What’s the Problem?
The antibiotic medication Factive has been linked to serious side effects including nerve damage (peripheral neuropathy), tendon damage, aortic aneurysm and aortic dissection.
What is Factive?
Factive (gemifloxacin) is a fluoroquinolone antibiotic that fights bacteria in the body. The drug is used to treat different types of bacterial infections in the lungs. Factive is made by LG Life Sciences, LTD., and was approved by the U.S. Food & Drug Administration (FDA) in April 2003.
Nerve Damage (Peripheral Neuropathy)
A study published in the Annals of Pharmacotherapy in December 2001 found that fluoroquinolone antibiotics like Factive can cause severe, long-term nerve damage involving multiple organ systems.
The researchers found that onset of peripheral neuropathy was rapid — 84% of cases occurred within one week of initiating treatment, 68% of cases occurred in 72 hours, and 33% occurred in 24 hours. More than 70% of patients had symptoms that persisted for at least three months, and 58% still had symptoms after one year.
FDA Warning on Factive
FDA has issued at least two warnings about the rapid onset of peripheral neuropathy and the risk of permanent nerve damage associated with fluoroquinolone antibiotics like Factive. The first warning came in October 2004, and it was updated in August 2013:
“The onset of peripheral neuropathy after starting fluoroquinolone therapy was rapid, often within a few days,” FDA said. “In some patients the symptoms had been ongoing for more than a year despite discontinuation of the fluoroquinolone. Several patients were continued on the fluoroquinolone drug despite the occurrence of neuropathic symptoms.”
Peripheral Neuropathy Symptoms
- A sensation of wearing an invisible “glove” or “sock”
- Burning sensation or freezing pain
- Sharp, jabbing, shooting, or electric-like pain
- Extreme sensitivity to touch
- Difficulty sleeping because of feet and leg pain
- Loss of balance and coordination
- Muscle weakness
- Muscle cramping/twitching
- Difficulty walking or moving the arms
- Unusual sweating
- Abnormalities in blood pressure or pulse
Aortic Aneurysm / Aortic Dissection
A study published in JAMA Internal Medicine in November 2015 found that fluoroquinolone antibiotics may cause the aorta — the largest artery in the human body — to become abnormally enlarged. Researchers from National Taiwan University’s Department of Emergency Medicine compared 1,477 patients who had been hospitalized for aortic aneurysm or aortic dissection from January 2000 to December 2011, and compared them to a control group of 147,700 patients.
The findings suggested that current fluoroquinolone use increased the risk for aortic aneurysm by more than double, and that past use increased the risk by nearly 50%.
“Use of fluoroquinolones was associated with an increased risk of aortic aneurysm and dissection,” the researchers concluded. “While these were rare events, physicians should be aware of this possible drug safety risk associated with fluoroquinolone therapy.”
Another study published in BMJ Open in November 2015 looked at data on over 1.7 million older adults and found a roughly 3-fold increased risk of tendon rupture and aortic aneurysm among patients who took fluoroquinolone antibiotics.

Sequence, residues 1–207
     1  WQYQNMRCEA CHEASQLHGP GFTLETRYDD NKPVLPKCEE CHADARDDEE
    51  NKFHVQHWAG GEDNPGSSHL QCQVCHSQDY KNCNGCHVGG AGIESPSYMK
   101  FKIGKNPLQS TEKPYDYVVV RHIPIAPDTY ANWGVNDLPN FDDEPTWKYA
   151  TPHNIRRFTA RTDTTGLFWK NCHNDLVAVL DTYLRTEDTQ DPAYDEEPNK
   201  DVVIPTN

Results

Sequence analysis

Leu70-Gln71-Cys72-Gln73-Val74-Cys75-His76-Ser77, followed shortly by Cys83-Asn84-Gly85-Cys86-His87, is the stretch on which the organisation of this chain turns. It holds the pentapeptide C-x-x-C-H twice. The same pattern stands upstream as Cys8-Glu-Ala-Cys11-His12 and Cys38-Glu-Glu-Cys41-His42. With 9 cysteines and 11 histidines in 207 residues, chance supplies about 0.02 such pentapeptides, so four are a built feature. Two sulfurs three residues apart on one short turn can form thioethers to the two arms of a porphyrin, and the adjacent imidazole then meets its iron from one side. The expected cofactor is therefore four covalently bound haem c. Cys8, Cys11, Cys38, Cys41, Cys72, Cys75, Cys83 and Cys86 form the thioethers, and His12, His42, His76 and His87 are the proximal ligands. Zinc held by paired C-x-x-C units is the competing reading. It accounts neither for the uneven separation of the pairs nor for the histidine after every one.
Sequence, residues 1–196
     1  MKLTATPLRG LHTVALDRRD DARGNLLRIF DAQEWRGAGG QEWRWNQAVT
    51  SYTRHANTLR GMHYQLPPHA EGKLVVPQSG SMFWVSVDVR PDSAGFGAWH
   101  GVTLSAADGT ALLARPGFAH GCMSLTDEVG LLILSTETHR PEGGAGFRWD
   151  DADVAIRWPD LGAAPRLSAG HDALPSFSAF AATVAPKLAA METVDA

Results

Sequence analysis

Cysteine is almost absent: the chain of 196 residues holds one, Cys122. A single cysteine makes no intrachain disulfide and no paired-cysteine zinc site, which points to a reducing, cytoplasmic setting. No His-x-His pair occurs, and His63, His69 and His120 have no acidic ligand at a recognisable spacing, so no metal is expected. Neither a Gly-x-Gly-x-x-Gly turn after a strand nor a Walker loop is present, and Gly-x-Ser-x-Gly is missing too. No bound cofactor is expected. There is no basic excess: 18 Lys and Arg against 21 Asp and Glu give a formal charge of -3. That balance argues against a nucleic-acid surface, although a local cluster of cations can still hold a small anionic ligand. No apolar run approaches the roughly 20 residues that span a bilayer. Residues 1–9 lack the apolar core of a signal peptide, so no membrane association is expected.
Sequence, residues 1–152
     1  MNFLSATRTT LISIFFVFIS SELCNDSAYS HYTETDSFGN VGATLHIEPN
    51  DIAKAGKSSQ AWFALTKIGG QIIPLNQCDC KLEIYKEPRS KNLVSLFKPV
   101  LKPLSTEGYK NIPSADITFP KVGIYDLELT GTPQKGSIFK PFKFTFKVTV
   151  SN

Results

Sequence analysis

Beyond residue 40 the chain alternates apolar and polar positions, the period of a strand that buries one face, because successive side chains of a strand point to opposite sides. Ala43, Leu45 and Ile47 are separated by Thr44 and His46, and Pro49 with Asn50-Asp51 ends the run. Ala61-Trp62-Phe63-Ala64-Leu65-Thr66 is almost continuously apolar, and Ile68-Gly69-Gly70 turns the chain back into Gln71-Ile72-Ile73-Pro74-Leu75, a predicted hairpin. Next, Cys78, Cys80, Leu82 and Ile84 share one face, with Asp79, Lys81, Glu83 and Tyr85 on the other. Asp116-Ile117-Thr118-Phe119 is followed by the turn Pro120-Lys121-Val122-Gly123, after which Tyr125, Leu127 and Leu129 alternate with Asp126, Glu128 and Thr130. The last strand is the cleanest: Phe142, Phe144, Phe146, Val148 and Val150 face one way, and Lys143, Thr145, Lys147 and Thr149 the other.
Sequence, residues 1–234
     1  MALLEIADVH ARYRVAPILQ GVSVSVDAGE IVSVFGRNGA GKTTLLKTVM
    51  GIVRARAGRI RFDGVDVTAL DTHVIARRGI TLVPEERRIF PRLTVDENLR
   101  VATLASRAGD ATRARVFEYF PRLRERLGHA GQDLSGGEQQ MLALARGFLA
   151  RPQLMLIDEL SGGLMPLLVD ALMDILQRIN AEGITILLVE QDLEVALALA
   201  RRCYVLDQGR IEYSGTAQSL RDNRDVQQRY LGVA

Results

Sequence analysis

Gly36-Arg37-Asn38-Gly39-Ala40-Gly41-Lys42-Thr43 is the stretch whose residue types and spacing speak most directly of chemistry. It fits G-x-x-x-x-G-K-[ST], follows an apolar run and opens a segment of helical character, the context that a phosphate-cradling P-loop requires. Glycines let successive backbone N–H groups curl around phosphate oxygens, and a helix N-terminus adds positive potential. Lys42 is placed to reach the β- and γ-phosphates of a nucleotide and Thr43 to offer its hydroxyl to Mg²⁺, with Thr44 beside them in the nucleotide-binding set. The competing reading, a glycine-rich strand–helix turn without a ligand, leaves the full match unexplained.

The researchers aimed to confirm a previously established link between the medications and tendon rupture, as well as to investigate a “potentially lethal association between fluoroquinolones and aortic aneurysms.” Approximately 30% of patients in the study had filled at least one fluoroquinolone prescription in the last 30 days. These individuals were 3.13 times more likely to suffer a tendon rupture and 2.72 times more likely to suffer an aortic aneurysm compared to patients who did not take fluoroquinolones.
FDA Issues New Warning on Fluoroquinolone Antibiotics
In May 2016, the FDA required fluoroquinolone labels to be updated with a warning about an increased risk for damage to muscles, nerves and more. The agency said risks of the drugs may outweigh the benefits in patients with sinusitis, bronchitis and uncomplicated urinary tract infections.
Fluoroquinolone side effects may include damage to tendons, muscles, joints, nerves and the central nervous system. For patients with these conditions, fluoroquinolones should only be prescribed when there are no other treatment options, according to the FDA.
Factive Side Effects
- Peripheral Neuropathy
- Tendon rupture / damage
- Stevens-Johnson syndrome (SJS)
- Toxic Epidermal Necrosis (TEN)
- Central nervous system disorders
- Hypersensitivity reactions
- Loss of consciousness
- Cardiovascular collapse
- Life-threatening skin reactions
- And more
Dec 2001 – Annals of Pharmacotherapy study published
December 2001 – Study published in the Annals of Pharmacotherapy finds an increased risk of severe, long-term peripheral neuropathy with fluoroquinolone antibiotics.
Apr 2003 – Approved by the FDA
April 4, 2003 – Factive approved by the FDA.
Aug 2013 – FDA requires labeling
August 15, 2013 – FDA requires fluoroquinolone antibiotic labels to be updated with information about the risk of permanent nerve damage.
Nov 2015 – BMJ Open study published
November 2015 – Study published in BMJ Open links fluoroquinolones to a 3-fold increased risk of tendon rupture and aortic aneurysm.
Nov 2015 – JAMA Internal Medicine study published
November 18, 2015 – Study published in JAMA Internal Medicine finds that current fluoroquinolone use increased the risk of aortic aneurysm by more than double, and that past use increased the risk by nearly 50%.
May 2016 – FDA labeling requirement
May 12, 2016 – FDA requires the labeling of fluoroquinolone antibiotics to be updated with a warning about an increased risk of damage to muscles, nerves and more.